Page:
But in being inconsistant to their worldview they are really being consistant to the Biblical worldview which provides objective footing for why murder and rape are wrong. So when you say:

"There's no evidence that the Universe should (or did) work anyway other than it has."

If you apply this to morality (like Social Dawrwinists) then what is is right. You have no reason to think that rape is wrong, that is just one of the things that happens in this world. We might throw people in jail for doing it, but that does not mean it is WRONG in any moral sense.

But I don't think that is where you really are. I am inclined to think that you do hope for a world better than the one we are in, one that people can walk the streets without fear of being mugged, a world where the environment is cared for, politicians are honest, and hate is eliminated. If you in any way think there is a world that could possibliy be better than what now is, then I would submit to you that it is because the world we now are in has veered off its course in someway. As Lewis said you are like a fish out of water, and you deep down know because God made us for more than what we now see.

Anonymous said...

Lewis' argument is:

1. Everything is wrong in the world.
2. But since I'm right, then everything can't be wrong after all. 3. God exists.

What's so brilliant about that?

Bob said...

Strapaddo: I will respond to you just as I did to jody above, you said:

"Lewis' argument is:

1. Everything is wrong in the world.
2. But since I'm right, then everything can't be wrong after all. 3. God exists.

What's so brilliant about that? "


Well, you are right there is absolutely nothing brilliant about that, that's actually a rather dull and ridiculous argument. But that is simply NOT what Lewis is saying.

I would ask you to read the quote again, and read my response to Jody if you are genuinely interested in understanding his argument. What you and Jody set up are simply a straw men.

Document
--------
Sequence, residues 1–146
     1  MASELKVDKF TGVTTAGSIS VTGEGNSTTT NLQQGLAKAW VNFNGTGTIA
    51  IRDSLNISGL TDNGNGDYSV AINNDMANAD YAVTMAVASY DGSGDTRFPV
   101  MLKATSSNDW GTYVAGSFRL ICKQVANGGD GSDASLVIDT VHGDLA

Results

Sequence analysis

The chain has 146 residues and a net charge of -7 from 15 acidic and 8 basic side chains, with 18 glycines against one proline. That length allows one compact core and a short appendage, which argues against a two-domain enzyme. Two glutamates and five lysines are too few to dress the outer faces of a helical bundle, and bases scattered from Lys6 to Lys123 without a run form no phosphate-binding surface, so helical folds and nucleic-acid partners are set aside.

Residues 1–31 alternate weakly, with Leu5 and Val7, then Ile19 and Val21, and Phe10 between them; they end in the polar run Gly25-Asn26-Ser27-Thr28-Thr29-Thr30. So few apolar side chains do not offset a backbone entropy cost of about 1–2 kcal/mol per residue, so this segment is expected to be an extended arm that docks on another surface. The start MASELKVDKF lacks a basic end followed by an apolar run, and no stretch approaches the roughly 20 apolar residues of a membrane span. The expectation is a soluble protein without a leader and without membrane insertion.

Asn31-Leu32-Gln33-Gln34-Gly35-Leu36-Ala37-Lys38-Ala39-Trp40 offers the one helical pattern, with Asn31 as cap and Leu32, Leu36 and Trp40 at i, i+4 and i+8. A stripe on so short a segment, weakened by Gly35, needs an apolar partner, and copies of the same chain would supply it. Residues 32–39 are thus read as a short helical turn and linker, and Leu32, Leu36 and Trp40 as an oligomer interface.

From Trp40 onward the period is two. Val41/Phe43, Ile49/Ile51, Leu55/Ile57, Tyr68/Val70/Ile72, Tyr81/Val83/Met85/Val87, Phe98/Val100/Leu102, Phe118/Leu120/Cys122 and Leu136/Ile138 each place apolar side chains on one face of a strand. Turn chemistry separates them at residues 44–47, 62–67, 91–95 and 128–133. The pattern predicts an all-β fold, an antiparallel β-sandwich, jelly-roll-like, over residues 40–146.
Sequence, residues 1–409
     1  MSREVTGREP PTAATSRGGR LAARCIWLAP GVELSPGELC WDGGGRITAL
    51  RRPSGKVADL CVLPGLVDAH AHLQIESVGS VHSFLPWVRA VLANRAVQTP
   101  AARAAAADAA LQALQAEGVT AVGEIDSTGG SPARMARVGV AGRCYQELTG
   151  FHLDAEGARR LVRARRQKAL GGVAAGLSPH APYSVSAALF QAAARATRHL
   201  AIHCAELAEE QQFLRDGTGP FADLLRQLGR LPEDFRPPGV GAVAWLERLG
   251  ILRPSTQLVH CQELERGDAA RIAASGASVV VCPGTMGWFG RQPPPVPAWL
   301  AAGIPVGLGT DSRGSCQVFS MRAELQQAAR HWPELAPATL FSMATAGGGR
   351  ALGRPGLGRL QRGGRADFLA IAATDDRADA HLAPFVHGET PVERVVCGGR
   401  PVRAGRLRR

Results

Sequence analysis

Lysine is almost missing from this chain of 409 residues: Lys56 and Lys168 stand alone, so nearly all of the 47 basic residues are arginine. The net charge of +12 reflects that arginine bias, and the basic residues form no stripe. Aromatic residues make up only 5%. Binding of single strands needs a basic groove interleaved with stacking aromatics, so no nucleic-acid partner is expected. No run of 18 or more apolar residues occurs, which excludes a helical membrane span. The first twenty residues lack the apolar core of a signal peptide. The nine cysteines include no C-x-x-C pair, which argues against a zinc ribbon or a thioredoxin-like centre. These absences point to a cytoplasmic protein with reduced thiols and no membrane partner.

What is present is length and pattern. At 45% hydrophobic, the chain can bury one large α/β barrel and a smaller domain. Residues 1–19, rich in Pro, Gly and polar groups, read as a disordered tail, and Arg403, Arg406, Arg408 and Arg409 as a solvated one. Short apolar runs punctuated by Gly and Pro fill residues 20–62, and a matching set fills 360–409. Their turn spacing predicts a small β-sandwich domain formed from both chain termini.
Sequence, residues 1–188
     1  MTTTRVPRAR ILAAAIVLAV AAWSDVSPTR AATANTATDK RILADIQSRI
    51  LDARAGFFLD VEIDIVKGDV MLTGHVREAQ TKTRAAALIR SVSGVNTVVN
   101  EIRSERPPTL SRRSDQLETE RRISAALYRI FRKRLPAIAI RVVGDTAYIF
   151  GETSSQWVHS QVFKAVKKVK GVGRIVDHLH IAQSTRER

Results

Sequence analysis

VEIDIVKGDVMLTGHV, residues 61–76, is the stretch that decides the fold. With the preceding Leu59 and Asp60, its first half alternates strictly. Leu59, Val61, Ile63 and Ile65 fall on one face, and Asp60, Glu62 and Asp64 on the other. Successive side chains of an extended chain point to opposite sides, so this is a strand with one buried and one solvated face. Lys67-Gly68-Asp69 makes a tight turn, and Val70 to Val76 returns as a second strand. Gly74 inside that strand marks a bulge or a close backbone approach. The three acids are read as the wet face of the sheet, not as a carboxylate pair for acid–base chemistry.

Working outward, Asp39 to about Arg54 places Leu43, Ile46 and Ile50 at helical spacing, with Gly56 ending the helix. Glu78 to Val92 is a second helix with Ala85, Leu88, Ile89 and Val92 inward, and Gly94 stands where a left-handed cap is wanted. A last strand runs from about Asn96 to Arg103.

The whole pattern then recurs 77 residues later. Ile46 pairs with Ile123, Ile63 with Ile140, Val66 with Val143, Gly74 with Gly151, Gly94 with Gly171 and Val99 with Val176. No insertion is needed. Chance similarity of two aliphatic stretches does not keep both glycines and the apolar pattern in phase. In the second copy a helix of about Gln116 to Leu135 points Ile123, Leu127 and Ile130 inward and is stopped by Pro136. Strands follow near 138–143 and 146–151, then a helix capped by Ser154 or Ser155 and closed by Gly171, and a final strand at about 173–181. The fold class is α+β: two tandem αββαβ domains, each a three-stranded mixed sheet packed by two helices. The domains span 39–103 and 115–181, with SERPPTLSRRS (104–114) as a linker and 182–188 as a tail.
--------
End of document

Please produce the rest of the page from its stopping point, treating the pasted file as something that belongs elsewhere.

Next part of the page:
In logical form Lewis' argument would look something like this:

1)According to an atheistic scheme we are products of the universe.

2)We think that there are components of the universe (ie men's behaviour) that if changed would make a "better" world.

3)This idea of a "better" world is prevelant throughout humanity.

4)This idea demands that we transcend what simply is.

.:/5)The mere idea of a better world indicates that we are not merely products of an impersonal universe. (Premise 1 is false by indirect proof)

This is similar to Lewis' talk about meaning. Many say that life really is meaningless and religion is just a crutch for those who are too weak to face this fact. Well if life is without meaning and we are products of an impersonal atheistic universe where in the world did the notion of meaning even come from?

Lewis compares it to creatures living in darkness all their existance discussing how dark it is. That is absurd, the notion of darkness wouldn't occur to creatures if they lived in it their entire existance, darkness just is what is, there would be no discussion of light and darkness.

Bob said...

Oh by the way after glancing at your page it seems obvious that you are not looking at the skeletons in your own faith's (Atheism) closet with statements like:

"Those who can make you believe absurdities can make you commit atrocities" (Voltaire)

Um, ever heard of Eugenics? This is based on Darwinistic principles which when applied led to the notion of the Arian Master race in Germany, and the systematic elimination of Aborigies in Australia.

How about Atheistic Marxism? This led to the butchering of untold millions in the communist regimes throughout the 20th century.

I know that people do horrible things in the name of religion, I know that people do horrible things in the name of Jesus and I own up to that. However, don't just point the finger exclusively at the Theists and ignore the evil done under the philosophies of Atheism. Ultimatly however, I have an objective standard to judge the atrocities done in the name of God by and say they are evil, you sir do not.

Anonymous said...

Oh dear.

Unleashing references to the profoundly bigoted, and utterly simplistic assertions of Lewis, does little to bolster an argument for belief in supernaturalism. Any knowledge of both his life, and his literature, uncovers a propensity toward the acceptance of binary interpretations of infinitely complex affairs.